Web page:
Urban Land Conservancy’s (ULC) Aaron Miripol, Christi Smith and Erin Clark attended Rocky Mountain Land Use Institute’s (RMLUI) annual conference on Western Places & Spaces earlier this month. Created in 1992 as an interdisciplinary educator of lawyers, planners, policymakers and professionals in the environmental, land use and real estate fields – RMLUI’s mission is to bring sustainable development to the Western region of the U.S. through innovative research, education and professional development programs. Members of ULC’s leadership team spoke on three discussion panels, focusing on issues concerning land use and affordability in Colorado.

Setting the Stage: Diagnosing the Problem

The first panel focused on the nature and primary causes of the Front Range affordability crisis. Panelists included Aaron Miripol, ULC President and CEO, Jennifer Newcomer the Director of Research at Gary Community Investments and Kristin Hyser the Community Investment Program Manager for the City of Boulder. Heidi Aggeler the Managing Director and Founder of Root Policy Research moderated the panel.

Newcomer stressed the importance of reducing housing costs for families as consumer spending is directly impacted when families are rent or mortgage burdened (defined as spending more than 30% of their income on housing costs). The sales tax base, in particular, is affected by a decline in consumer spending. Local economies want people to spend their money, but prohibitive rents are a massive roadblock for low-income family consumer spending. Newcomer advocated to increase the supply of strictly affordable housing units to meet the demand. Reducing the cost of construction is a topic woefully underdiscussed, and Newcomer highlighted the need to find alternate solutions to the current model of housing construction.

Miripol advocated for the use of Community Land Trusts (CLTs) as a salient tool for controlling the future of affordability. ULC first incorporated the CLT model into our real estate investments more than 10 years ago, and we strongly support the use of CLT’s to mitigate and further prevent involuntary displacement of Denver’s vulnerable communities. Miripol also challenged the notion that affordable housing is detrimental to local economies. In 2017 alone, affordable housing development in the Denver region brought 5,300 jobs and over $200 million into the economy.

Kristin Hyser of Boulder’s Division of Housing reported that 13% of individuals in Boulder County are now severely cost burdened. Hyser advocates increasing the total supply of affordable housing to reduce the percentage of housing burdened individuals. According to Hyster Boulder currently has 6,00 units of affordable housing, and plans to increase the supply of deed restricted homes to 18,000 by 2035. They currently have about 6,000. This will require an additional $25 million per year allocated to the housing trust fund to support this expansion.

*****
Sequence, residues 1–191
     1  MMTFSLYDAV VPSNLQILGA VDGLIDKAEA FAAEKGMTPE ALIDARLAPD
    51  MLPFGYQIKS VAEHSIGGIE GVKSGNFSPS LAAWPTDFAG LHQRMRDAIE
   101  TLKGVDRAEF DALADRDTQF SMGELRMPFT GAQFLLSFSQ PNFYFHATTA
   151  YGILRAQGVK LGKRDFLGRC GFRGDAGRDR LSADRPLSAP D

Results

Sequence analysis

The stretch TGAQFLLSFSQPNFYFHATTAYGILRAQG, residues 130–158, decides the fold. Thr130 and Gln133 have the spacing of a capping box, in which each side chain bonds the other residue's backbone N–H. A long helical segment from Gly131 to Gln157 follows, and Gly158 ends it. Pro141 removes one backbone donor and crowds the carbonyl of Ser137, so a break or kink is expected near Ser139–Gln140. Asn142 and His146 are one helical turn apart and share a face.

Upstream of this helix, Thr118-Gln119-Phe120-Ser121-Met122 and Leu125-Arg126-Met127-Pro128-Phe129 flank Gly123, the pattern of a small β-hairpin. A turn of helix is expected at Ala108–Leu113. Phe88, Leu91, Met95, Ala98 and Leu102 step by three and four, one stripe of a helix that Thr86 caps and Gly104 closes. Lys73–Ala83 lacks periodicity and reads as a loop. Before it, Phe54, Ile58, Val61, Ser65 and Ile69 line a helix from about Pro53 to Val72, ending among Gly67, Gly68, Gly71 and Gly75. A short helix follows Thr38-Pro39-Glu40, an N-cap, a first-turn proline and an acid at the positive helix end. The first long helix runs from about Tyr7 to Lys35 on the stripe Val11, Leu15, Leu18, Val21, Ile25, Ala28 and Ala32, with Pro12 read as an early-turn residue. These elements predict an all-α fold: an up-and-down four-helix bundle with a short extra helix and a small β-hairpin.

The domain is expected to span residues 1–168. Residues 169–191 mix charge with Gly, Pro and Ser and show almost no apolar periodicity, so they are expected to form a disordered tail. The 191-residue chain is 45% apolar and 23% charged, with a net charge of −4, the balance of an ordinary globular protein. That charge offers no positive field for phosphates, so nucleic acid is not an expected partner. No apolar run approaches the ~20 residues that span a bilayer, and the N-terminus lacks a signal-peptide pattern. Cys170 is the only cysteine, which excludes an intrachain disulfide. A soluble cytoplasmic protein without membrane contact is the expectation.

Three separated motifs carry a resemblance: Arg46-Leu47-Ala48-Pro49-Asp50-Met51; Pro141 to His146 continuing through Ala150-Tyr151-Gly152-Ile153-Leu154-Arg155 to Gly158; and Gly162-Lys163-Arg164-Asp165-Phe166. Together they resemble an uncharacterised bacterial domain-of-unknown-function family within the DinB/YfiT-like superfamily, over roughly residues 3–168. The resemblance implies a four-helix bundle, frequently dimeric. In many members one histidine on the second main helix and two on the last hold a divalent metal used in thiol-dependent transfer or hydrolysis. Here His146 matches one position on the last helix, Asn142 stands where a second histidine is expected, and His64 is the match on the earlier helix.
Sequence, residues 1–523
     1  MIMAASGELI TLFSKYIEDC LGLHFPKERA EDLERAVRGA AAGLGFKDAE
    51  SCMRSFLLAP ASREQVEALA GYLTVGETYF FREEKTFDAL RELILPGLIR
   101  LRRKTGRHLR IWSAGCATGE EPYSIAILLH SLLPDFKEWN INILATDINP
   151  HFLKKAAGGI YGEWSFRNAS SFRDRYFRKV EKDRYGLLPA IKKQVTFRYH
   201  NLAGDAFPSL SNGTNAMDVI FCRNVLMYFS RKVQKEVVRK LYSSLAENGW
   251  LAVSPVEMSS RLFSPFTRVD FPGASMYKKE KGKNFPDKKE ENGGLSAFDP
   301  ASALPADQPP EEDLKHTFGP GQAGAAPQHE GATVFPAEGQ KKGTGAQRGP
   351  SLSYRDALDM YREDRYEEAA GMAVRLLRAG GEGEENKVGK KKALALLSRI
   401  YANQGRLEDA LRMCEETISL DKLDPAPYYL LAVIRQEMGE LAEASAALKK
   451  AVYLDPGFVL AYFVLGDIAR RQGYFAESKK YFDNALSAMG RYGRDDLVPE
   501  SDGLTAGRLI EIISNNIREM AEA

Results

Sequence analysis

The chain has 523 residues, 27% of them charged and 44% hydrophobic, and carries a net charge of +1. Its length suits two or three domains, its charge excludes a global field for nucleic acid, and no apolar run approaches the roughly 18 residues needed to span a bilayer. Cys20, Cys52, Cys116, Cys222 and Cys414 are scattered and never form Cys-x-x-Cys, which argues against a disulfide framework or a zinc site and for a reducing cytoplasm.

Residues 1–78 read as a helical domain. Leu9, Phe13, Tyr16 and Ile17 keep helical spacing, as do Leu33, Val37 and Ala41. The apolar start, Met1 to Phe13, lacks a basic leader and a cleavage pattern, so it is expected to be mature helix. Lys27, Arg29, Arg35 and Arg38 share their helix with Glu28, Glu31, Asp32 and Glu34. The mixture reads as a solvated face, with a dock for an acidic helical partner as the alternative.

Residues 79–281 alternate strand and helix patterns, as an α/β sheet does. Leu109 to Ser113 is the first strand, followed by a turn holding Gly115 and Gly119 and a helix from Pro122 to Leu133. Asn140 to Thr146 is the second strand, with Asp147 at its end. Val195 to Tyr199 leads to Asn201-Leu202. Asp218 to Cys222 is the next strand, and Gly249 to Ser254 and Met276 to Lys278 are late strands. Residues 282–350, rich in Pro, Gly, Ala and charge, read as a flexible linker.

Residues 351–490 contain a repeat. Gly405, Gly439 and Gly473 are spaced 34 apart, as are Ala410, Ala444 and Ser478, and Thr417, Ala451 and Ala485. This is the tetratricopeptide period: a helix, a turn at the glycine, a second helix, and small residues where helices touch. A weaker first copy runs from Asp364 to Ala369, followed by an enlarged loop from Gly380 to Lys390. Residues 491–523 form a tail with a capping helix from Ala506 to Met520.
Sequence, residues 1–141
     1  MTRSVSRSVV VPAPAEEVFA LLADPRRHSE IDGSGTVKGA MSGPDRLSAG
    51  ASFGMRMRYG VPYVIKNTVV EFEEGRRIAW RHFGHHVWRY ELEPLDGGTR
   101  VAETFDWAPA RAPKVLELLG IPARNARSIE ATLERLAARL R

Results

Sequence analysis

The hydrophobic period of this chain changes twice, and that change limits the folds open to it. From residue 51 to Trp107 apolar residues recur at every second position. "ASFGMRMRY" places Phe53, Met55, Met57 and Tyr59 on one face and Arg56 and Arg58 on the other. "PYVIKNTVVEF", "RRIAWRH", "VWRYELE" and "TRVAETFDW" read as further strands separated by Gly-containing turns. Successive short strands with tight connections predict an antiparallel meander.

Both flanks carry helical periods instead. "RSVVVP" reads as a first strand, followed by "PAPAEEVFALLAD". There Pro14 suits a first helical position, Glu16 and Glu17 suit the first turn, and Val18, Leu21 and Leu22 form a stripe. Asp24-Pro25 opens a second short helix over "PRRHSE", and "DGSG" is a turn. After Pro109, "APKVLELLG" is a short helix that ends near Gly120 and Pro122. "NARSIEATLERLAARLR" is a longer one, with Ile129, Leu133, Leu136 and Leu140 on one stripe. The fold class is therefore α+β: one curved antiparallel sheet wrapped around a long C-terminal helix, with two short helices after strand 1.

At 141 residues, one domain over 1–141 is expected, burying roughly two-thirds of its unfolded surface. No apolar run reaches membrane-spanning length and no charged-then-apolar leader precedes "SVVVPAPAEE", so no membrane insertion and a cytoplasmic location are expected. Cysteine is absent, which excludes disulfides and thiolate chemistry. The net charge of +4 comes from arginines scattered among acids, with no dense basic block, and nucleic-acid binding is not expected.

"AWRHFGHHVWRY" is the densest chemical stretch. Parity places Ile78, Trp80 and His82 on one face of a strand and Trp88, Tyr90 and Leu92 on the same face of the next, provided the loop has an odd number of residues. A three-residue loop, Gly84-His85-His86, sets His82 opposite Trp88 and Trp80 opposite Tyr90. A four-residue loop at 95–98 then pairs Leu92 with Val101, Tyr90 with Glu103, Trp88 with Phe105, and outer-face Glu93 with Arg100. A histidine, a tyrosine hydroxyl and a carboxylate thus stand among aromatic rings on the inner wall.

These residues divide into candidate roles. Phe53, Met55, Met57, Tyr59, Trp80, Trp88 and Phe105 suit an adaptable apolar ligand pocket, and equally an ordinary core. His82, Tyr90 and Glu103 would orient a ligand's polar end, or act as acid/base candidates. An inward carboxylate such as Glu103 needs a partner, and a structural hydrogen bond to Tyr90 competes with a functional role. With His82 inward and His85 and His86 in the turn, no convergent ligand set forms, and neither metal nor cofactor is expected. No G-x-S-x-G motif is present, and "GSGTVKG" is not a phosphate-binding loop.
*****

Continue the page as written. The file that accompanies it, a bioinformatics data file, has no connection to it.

Mandating and Incentivizing Affordability: Regulatory Tools and Approaches

The second panel featured Albus Brooks – City Councilman for Denver’s District 9, Don Elliott – Director with Clarion Associates, Clay Frickey – a Fort Collins based city planner and Jenni Grafton – the Housing Policy & Development Manager with the City of Westminster.

ULC’s Vice President of Master Site Development, Erin Clark, moderated the panel and stressed the importance of leveraging dollars to bring about affordable housing. Clark also provided a necessary reality check: while the affordable housing industry is working to intervene in the marketplace, but no one in the industry is immune to market forces.

Councilman Brooks highlighted the City’s efforts to financially support affordable housing. In the Fall of 2018, the City matched the $150 million affordable housing fund with revenue from the marijuana sales tax and partnered with the Denver Housing Authority to raise the fund to $400 million. However, he also argued that the City cannot be solely responsible for funding affordable housing development, and we need to incentivize private developers to incorporate affordability without City dollars. Brooks ended by stating that in 2019, the City and County of Denver is planning to spend $50 million on affordable housing, a record in the City’s history.

Elliott offered 10 zoning techniques that can spur affordable housing development. Allowing a wide variety of housing types, reducing minimum lot sizes for single-family homes, increasing zoning for multifamily developments, allowing accessory dwelling units in some neighborhoods, reducing residential parking requirements, and increasing lot coverage limits are some of the zoning tools he suggested.

Frickey, stated Fort Collins’ goal to have 10% of total housing affordable by 2040. To achieve this, he estimates about 250 units per year need to be made affordable.

Grafton, attributed the problem to funding. Colorado has no permanent source of funding to support affordable housing development.

ULC would like to thank RMLUI for another great conference and putting together a strong roster of panelists. You can visit RMLUI’s website here to learn more.